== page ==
She cupped her hands across her brow to block out the sun, but she did not squint. Squinting does not make you see further. Eventually, when the somethings had gotten close enough to make out some details, she said, “Pythagoras?”


Pythagoras, who had been monologuing about mashed potatoes, stopped. “Yes?” he said.


“Forgive my ignorance, but is there a place on Earth the Second where the police wear tall hats and ride flying dinosaurs?”


“No,” Pythagoras said, still dutifully scanning the ground below, “not normally. Why do you ask?”


“Why do you think?”


Pythagoras thought, then said, “Because that’s where we are?” The turtoid looked up for confirmation and, following Edna’s gaze, got more than he’d wanted.


By now, Highmond and Pythagoras had had time to answer Edna’s many questions about what, precisely, was going wrong on Earth the Second. They’d done this between answering other questions about ‘who they thought they were’ and ‘what gave them the right’ and ‘in my study, of all places’. The last one wasn’t a question, but she’d kept saying it and they’d felt an obligation to answer for it.


Of course, there were no answers they could give that would, to Edna’s satisfaction, excuse them for kidnapping her - beyond maybe ‘it did save your life’, but they’d been smart enough not to try that one. Unfortunately, they also hadn’t been able to give a satisfactory account of the dangers their world was facing.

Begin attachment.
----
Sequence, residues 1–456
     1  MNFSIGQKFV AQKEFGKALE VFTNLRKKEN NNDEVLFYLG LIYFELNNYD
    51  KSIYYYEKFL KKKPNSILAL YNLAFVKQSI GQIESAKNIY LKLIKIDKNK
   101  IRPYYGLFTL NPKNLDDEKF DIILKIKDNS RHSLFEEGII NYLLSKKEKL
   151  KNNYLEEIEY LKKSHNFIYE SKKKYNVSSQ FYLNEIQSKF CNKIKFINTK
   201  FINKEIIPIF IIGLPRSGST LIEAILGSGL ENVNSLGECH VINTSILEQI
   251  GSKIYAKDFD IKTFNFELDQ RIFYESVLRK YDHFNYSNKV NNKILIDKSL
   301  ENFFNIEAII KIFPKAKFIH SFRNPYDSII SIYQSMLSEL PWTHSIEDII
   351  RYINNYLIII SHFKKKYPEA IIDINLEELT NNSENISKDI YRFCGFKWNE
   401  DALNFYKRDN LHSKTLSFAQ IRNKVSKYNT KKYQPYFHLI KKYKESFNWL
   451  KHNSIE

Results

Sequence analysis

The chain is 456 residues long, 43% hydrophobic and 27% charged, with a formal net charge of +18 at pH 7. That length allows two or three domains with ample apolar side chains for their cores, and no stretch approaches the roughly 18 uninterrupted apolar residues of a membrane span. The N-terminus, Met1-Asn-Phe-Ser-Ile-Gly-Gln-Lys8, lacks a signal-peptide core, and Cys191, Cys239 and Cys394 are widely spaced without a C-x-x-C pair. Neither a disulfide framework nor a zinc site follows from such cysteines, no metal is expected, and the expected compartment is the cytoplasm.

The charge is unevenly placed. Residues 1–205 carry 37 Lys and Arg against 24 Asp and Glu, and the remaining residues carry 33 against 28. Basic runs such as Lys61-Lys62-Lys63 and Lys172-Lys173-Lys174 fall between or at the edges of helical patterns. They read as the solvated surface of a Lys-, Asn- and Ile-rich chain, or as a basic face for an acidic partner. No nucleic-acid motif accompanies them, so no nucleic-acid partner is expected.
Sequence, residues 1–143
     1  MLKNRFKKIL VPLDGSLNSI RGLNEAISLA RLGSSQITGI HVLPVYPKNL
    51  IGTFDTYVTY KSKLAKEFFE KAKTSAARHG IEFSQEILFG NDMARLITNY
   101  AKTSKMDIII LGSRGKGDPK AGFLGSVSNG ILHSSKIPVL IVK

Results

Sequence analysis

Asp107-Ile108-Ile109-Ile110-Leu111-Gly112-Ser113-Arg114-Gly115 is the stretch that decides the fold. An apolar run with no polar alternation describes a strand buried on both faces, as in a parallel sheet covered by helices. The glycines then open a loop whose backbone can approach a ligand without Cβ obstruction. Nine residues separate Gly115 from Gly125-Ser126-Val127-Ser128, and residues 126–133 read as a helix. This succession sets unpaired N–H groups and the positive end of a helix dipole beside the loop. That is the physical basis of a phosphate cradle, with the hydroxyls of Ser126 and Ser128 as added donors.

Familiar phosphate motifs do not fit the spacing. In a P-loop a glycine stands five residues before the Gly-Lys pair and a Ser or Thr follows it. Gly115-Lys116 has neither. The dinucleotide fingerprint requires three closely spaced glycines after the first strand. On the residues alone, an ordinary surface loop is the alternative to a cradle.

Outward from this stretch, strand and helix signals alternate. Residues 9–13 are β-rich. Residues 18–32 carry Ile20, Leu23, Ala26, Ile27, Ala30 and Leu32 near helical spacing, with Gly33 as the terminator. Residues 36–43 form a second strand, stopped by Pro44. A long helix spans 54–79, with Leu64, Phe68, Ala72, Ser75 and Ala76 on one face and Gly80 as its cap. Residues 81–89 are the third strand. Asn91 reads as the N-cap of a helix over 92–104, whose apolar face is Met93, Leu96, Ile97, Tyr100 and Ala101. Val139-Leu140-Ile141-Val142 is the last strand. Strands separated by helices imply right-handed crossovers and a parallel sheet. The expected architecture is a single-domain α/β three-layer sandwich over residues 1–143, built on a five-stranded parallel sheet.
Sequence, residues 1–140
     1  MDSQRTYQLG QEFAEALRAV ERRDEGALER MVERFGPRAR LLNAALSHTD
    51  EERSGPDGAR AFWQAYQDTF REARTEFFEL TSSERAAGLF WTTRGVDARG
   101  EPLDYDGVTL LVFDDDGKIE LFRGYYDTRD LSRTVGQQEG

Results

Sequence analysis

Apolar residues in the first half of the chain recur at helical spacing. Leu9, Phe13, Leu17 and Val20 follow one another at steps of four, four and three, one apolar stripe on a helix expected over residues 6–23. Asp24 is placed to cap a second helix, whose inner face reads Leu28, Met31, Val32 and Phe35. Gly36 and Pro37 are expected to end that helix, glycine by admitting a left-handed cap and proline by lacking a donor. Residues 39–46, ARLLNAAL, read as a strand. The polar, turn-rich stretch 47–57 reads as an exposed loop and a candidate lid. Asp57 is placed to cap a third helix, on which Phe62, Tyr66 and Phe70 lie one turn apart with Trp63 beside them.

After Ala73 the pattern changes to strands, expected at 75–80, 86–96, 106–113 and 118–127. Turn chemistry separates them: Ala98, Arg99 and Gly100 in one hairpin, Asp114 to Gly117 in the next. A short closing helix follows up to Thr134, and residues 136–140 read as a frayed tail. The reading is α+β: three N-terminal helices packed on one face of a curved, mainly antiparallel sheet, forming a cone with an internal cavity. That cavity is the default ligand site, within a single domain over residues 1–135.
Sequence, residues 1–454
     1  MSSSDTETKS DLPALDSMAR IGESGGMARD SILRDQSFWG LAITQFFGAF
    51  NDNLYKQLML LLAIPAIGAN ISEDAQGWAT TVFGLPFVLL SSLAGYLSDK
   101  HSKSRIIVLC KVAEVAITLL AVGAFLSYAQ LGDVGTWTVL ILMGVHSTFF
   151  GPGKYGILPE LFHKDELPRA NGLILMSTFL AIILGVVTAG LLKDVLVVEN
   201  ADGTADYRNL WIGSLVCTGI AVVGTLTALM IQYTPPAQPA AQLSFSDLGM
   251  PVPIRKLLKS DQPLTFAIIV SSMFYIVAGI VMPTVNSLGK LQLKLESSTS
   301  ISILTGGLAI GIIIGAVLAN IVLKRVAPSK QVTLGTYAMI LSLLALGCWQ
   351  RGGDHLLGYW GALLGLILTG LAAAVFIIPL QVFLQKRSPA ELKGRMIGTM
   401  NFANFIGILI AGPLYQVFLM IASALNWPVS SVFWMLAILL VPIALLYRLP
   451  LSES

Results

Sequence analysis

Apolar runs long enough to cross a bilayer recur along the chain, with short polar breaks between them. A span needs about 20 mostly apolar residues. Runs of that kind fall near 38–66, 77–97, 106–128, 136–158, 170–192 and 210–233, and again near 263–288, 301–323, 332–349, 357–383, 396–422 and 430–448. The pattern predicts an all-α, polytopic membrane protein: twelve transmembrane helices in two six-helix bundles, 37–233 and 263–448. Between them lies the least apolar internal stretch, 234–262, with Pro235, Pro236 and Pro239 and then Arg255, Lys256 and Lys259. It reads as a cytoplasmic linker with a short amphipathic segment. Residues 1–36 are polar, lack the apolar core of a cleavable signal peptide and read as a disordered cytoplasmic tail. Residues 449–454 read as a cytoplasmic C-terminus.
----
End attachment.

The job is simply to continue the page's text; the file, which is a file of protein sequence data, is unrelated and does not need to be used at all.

“Time is sort of, well, jostling around, you see,” Highmond had said, “and breaking apart, and smashing back into itself, and tying up in knots, and just going wrong in every way imaginable.” Then after a pause, “It’s quite the game, I say! Splendidly exciting!” Then another pause, “But for, you know, all the dying,” And another, “And the never having been born.” A final, shorter pause, “Terribly sad, all that.”


Probing deeper, Edna had learned two important things:


The first. Whatever was happening had - as of yet - had no apparent effect on Highmond and Pythagoras. They’d no idea why.


The second. There seemed to be a source from which the madness began. Highmond had taken to calling this The Beast at the Center of Time, if you’ll recall. This source was, conveniently, in Highmond’s home country of Ingland - they only knew it existed because they’d had to escape it in the first place. Less convenient, there was still no telling how far away or in what direction Ingland was. Practically the opposite of convenient, the “Beast” had sealed off much of the country behind an “impenetrable wall of every possible death”. So that would be a bad day, when they got to it.